As sub-question, would questions containing sentences like "it really bugs me that people keep saying [...]" be considered peeving?

  • Granted I'm new, but... what do you mean by peeving (as it relates to EL&U?)
    – corsiKa
    Mar 14, 2011 at 18:40
  • Peeving, in this case, means a question about something that annoys, or irritates the OP.
    – apaderno
    Mar 16, 2011 at 11:29
  • Ah - akin to SO's technology rant disguised as questions. Thanks for clearing that up.
    – corsiKa
    Mar 16, 2011 at 16:32

2 Answers 2


As long as there's an actual question beneath the peeve, I'd allow it. Hopefully the top-voted answers will redirect the asker's futile rage.

I'd worry more about answers that are just an expression of personal peeves, but the community is very good about voting those down.

  • I agree. As long as there is a decent question in it, it could be interesting for visitors from the internets, which is what it should all be about, shouldn't it? In addition, an intelligent rant might benefit the literary quality of the question, and actually make it a better read. Dry questions aren't always the "best" in all aspects. Mar 11, 2011 at 15:20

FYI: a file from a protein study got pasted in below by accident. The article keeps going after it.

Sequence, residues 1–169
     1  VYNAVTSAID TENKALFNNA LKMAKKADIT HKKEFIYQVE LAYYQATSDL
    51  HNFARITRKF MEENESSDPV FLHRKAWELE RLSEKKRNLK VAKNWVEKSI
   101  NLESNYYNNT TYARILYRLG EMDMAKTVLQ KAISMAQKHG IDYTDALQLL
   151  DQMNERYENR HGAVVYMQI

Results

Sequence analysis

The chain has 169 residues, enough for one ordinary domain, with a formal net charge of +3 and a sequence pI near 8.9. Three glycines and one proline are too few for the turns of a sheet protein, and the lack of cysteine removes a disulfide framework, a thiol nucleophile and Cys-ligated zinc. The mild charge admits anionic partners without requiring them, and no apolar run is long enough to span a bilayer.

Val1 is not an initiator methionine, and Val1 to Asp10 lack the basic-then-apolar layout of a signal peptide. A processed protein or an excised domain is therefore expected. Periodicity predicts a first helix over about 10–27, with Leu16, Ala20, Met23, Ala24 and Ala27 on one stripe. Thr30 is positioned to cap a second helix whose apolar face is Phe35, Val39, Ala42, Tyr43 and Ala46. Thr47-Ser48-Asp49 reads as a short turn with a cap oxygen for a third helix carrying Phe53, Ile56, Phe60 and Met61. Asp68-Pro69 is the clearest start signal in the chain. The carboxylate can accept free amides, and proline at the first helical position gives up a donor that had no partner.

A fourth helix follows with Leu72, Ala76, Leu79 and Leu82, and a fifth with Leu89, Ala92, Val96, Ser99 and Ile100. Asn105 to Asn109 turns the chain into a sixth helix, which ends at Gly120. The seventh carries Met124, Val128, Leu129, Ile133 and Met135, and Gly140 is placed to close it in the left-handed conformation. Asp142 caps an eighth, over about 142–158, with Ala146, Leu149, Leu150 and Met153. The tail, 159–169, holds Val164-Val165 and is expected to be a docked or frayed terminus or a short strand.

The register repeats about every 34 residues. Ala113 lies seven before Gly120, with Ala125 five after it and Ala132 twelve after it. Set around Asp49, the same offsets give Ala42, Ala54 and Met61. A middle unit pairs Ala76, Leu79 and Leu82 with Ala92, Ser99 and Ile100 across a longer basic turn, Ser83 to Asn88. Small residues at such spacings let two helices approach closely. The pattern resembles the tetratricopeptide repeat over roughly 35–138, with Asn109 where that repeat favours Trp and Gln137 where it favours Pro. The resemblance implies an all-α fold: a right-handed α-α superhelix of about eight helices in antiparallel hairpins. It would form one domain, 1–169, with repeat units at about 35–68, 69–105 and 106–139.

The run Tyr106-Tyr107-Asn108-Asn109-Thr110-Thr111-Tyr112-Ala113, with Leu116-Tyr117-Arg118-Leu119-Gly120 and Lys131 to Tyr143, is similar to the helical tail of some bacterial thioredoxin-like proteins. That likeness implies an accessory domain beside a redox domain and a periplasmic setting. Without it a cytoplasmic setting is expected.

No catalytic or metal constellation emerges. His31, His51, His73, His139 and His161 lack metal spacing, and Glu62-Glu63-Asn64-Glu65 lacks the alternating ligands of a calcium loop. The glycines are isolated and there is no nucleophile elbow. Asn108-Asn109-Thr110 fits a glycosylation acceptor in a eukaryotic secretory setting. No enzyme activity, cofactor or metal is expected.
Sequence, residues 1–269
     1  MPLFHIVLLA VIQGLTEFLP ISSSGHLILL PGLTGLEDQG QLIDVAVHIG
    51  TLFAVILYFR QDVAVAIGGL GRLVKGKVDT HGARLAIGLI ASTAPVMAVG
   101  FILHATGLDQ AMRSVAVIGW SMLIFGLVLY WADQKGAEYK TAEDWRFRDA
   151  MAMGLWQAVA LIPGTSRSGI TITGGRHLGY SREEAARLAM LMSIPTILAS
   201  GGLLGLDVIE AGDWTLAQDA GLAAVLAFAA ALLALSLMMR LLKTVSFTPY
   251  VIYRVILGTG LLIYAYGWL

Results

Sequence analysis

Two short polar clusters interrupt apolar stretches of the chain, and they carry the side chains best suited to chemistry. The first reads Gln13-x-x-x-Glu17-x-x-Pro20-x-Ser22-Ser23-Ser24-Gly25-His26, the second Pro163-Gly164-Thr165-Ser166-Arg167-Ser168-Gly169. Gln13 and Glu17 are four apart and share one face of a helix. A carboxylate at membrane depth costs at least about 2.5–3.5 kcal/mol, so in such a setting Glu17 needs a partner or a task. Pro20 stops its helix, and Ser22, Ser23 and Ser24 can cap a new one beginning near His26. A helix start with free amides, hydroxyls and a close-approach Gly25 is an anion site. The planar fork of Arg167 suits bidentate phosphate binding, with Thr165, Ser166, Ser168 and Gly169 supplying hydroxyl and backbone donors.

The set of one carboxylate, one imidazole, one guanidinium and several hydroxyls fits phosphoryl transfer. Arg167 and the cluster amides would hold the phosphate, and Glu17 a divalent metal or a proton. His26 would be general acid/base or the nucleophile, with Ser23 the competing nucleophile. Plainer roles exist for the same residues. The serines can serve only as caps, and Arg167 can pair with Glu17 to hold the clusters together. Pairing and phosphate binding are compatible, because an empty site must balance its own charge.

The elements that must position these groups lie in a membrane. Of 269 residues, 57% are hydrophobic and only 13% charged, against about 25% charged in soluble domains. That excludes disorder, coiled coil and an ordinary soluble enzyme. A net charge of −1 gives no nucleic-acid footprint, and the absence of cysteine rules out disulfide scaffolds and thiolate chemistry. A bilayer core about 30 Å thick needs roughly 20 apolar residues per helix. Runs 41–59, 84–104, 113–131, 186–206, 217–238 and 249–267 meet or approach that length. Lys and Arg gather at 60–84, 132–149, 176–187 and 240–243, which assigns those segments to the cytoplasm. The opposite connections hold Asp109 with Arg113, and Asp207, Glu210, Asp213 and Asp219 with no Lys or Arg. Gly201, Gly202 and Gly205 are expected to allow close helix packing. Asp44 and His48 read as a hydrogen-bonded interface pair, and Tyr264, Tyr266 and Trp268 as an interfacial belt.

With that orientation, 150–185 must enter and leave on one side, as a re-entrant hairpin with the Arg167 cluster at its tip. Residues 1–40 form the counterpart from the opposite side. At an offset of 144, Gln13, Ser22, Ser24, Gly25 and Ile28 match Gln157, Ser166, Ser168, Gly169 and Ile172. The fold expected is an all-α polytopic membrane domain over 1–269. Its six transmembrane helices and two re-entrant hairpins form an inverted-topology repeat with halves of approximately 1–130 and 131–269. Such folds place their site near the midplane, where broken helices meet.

To prevent your question from being flagged and possibly removed, avoid asking subjective questions where …

  • It is a rant disguised as a question: “______ sucks, am I right?”
  • 2
    Well yes, a question that is merely a peeve/rant is always closed as "not a real question". I think this meta question here is about something that does contain an actual question about English, merely tainted by a disguised peeve. :-) Mar 11, 2011 at 4:38
  • 1
    @Shree: I think you are absolutely right. The description in the FAQ doesn't necessarily cover the kind of question we are talking about here. Mar 11, 2011 at 15:18
  • 1
    On second thought, it DOES cover the kind of peeve question that Kiam's meta-question is about; but JSBangs's answer complicates the matter, the right way. Mar 11, 2011 at 15:23

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